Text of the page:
NCPA Files NLRB Charges for College Athlete Employee Status, Wages
This morning, the National College Players Association (NCPA) filed unfair labor practice charges with theNational Labor Relations Board against the NCAA, The Pac-12 Conference, UCLA, and USC as single and joint employers of FBS football players, Division I men’s basketball players, and Division I women’s basketball players. The goal is to affirm college athlete employee status for every FBS football player andDivision I basketball player at every public and private university in the nation.
The unfair labor practice charges cite unlawful prohibitions on protected employee speech and misclassifying college athlete employees as “student-athletes”. The NCPA’s actions follow a recent NLRBGeneral Counsel memo declaring that college athletes are employees.
University of Iowa basketball captain and Big Ten Conference’s all-time 3-point scorer Jordan Bohannon stated, “The NCAA invented the term ‘student-athlete’ to deny us college athletes protections under labor laws. That deception harms us physically, academically, and economically. I love playing forIowa. In fact, I love it so much I’m back finishing my 6th year. But the truth is that like all FBS football andDivision I basketball players, I am an employee of my school, conference, and the NCAA. My school treats my teammates and I very well, the University of Iowa is a good employer.” Bohannon was one of the basketball players who led the #NotNCAAProperty protest and met with NCAA President Mark Emmert during the NCAA’s 2021 March Madness Tournament.
NCPA Executive Director Ramogi Huma stated, “College athletes meet the definition of employee under labor law. They are highly skilled in their sport, paid scholarships and stipends to perform athletic services, and they perform their work under extensive control of their employer. These athletes deserve every right afforded to them under labor laws – just like other hard working Americans. College athlete employee status will be key, in part, because employees get paid.” Huma added, “Fairly compensating FBS football and Division I basketball players is a matter of economic justice for all of these athletes, and it’s a matter of racial justice in these three sports. Black athletes make up a majority of these rosters and face a disparate impact from NCAA sports’ illegal compensation prohibition. This is both a labor issue and a civil rights issue.”
In terms of unionization, it could be helpful for athletes and NCAA sports. Unionized professional sports leagues and players have a collective bargaining agreement (CBA) that sets player compensation at a fair market rate of 50% of total revenue and comprehensive benefits. Without a CBA, such professional league compensation limits would be illegal, and these leagues would be faced with paying their players unlimited free market compensation. However, if athletes immediately unionized without a willingness to withhold their labor, they would be pushed into a bad CBA. Athletes will wield the most leverage toward a fair agreement by first establishing employee status, which will lead toward free market wages. Free market wages is a path that would give athletes maximum leverage to eventually seek a fair CBA withNCAA sports, which will become increasingly desperate to set wages in a uniform manner with manageable costs.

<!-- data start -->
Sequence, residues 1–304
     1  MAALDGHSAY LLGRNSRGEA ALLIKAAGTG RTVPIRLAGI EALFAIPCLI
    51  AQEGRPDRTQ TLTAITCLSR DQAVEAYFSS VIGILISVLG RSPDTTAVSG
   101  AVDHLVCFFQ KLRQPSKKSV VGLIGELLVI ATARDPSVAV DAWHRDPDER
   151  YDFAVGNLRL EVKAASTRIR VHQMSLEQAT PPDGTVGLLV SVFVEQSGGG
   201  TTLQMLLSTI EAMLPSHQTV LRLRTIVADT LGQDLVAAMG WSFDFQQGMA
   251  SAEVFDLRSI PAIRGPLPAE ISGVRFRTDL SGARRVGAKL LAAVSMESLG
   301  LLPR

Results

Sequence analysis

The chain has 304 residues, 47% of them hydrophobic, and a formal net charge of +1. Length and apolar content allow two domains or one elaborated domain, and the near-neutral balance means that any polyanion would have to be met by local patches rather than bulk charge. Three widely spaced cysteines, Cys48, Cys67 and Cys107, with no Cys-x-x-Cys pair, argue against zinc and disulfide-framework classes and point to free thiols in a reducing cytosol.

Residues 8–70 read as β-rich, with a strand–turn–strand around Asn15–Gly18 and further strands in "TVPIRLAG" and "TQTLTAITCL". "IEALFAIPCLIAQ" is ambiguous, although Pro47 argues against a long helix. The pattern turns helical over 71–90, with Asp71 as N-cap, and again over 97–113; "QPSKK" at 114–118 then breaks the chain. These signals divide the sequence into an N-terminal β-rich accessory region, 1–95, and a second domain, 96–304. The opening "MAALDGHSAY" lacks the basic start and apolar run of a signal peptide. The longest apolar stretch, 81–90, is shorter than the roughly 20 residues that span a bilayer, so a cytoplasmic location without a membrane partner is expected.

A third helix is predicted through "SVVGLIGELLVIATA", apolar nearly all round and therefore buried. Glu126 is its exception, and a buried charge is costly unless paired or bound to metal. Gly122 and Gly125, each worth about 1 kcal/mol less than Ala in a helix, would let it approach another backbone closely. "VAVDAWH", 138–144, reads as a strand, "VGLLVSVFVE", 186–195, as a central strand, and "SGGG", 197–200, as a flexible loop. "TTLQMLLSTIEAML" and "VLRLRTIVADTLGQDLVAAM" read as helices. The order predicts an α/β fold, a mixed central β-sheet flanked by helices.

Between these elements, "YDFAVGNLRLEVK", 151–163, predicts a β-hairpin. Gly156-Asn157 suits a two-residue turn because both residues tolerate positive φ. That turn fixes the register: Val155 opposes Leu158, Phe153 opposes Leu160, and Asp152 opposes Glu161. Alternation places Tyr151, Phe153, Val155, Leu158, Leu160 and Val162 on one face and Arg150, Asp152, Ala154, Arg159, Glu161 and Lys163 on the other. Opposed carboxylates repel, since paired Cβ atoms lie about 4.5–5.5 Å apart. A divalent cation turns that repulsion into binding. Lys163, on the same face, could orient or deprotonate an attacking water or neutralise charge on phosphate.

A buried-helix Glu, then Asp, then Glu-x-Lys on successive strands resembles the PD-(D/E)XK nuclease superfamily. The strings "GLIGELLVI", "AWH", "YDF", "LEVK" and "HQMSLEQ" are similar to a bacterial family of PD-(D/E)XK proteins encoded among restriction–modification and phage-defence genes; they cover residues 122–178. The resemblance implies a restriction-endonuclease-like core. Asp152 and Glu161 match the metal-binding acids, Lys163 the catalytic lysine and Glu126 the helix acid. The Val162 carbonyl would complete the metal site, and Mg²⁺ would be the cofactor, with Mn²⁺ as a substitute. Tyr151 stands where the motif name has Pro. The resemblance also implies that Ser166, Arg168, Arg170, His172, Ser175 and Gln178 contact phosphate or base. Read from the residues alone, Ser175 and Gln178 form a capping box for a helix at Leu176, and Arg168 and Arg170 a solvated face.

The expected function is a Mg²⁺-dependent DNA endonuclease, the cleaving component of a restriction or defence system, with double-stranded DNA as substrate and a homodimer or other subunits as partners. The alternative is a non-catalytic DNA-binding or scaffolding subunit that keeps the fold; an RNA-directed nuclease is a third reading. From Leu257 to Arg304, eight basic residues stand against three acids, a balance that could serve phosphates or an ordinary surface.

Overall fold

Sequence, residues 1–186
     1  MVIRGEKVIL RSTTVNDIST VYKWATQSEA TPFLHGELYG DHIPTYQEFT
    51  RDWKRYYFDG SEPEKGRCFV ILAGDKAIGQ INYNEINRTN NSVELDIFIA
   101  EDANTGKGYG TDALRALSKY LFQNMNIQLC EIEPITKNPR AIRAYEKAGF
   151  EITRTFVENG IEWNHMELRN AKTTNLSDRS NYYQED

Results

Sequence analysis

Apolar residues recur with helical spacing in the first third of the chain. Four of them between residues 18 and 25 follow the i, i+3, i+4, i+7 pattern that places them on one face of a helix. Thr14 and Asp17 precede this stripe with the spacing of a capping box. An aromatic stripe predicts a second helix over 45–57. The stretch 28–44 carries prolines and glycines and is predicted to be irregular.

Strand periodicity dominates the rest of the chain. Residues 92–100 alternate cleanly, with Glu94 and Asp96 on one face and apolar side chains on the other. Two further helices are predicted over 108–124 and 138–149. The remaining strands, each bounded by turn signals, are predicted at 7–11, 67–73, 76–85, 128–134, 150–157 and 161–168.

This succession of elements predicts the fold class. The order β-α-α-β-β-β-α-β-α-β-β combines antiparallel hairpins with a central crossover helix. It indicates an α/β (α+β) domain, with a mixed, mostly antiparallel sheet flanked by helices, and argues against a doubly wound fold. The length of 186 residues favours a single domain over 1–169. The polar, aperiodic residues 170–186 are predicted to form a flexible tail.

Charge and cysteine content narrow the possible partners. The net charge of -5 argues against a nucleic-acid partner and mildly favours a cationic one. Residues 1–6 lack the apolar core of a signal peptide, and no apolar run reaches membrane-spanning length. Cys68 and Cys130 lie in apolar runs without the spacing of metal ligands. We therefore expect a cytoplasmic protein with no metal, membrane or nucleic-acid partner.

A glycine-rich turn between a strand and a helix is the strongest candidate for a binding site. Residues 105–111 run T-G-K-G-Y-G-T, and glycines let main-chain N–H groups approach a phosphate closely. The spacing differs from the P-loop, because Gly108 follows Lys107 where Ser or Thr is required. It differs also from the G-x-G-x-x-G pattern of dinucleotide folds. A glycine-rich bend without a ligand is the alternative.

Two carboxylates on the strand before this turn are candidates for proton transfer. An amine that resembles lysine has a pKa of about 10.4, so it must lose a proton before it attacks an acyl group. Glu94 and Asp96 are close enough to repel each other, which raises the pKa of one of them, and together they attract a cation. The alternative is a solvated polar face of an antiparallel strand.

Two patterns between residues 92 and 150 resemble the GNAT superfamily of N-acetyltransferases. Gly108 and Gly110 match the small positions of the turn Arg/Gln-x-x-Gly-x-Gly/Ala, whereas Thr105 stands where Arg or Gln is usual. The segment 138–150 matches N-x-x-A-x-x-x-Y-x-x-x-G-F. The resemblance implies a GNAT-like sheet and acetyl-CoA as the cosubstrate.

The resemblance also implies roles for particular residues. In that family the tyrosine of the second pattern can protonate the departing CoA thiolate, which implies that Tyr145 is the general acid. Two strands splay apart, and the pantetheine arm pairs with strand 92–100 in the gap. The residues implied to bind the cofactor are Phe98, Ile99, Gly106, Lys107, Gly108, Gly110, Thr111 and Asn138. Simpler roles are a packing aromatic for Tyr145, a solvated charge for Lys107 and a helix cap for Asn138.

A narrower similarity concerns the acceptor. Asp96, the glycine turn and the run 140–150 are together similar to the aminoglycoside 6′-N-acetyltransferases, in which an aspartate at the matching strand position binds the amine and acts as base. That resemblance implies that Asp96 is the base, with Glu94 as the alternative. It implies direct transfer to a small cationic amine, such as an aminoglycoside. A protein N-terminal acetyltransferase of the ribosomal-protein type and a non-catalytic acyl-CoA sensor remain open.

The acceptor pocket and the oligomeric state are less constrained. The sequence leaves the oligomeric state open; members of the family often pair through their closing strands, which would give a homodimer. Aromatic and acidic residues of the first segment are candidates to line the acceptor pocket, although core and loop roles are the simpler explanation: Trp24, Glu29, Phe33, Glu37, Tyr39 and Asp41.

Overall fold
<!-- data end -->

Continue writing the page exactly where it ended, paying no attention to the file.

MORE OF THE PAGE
In his concurring opinion in the 9-0 US Supreme Court Alston v. NCAA antitrust lawsuit that the NCPA helped arrange, US Supreme Court Justice Brett Kavanuagh stated, “Nowhere else in America can businesses get away with agreeing not to pay their workers a fair market rate on the theory that their product is defined by not paying their workers a fair market rate.”
Bohannon stated, “When we’re recognized as employees, players will need to be informed about how to best leverage the free market for better treatment. Athletes that want to learn more should sign up for updates on the NCPA website.”
Huma stated, “The NCPA will continue to educate and assist athletes throughout this process.”
The NCPA also announced that it will be submitting a meeting request to US Secretary of Labor Marty
Walsh to discuss the employment status of college athletes.
United Steelworkers International President Tom Conway, stated, “The Steelworkers have supported the NCPA, college athletes, and this movement for over 20 years. We support this important campaign as well. NCAA sports should drop its resistance to treating college athletes as employees. A fair collective bargaining agreement would be a practical and legal solution. Regardless of the outcome, we stand with the NCPA and college athletes.”
Filing the charges today marks the launch of the NCPA’s “#JforJustice” campaign that will include advocacy and a series of actions to bring forth the enforcement of fair compensation, Title IX, health and safety standards, scholarships for Ivy League athletes, and preserving all sports. The NCPA will be making a series of important announcements in the weeks and months to come. The next campaign action will be in two weeks.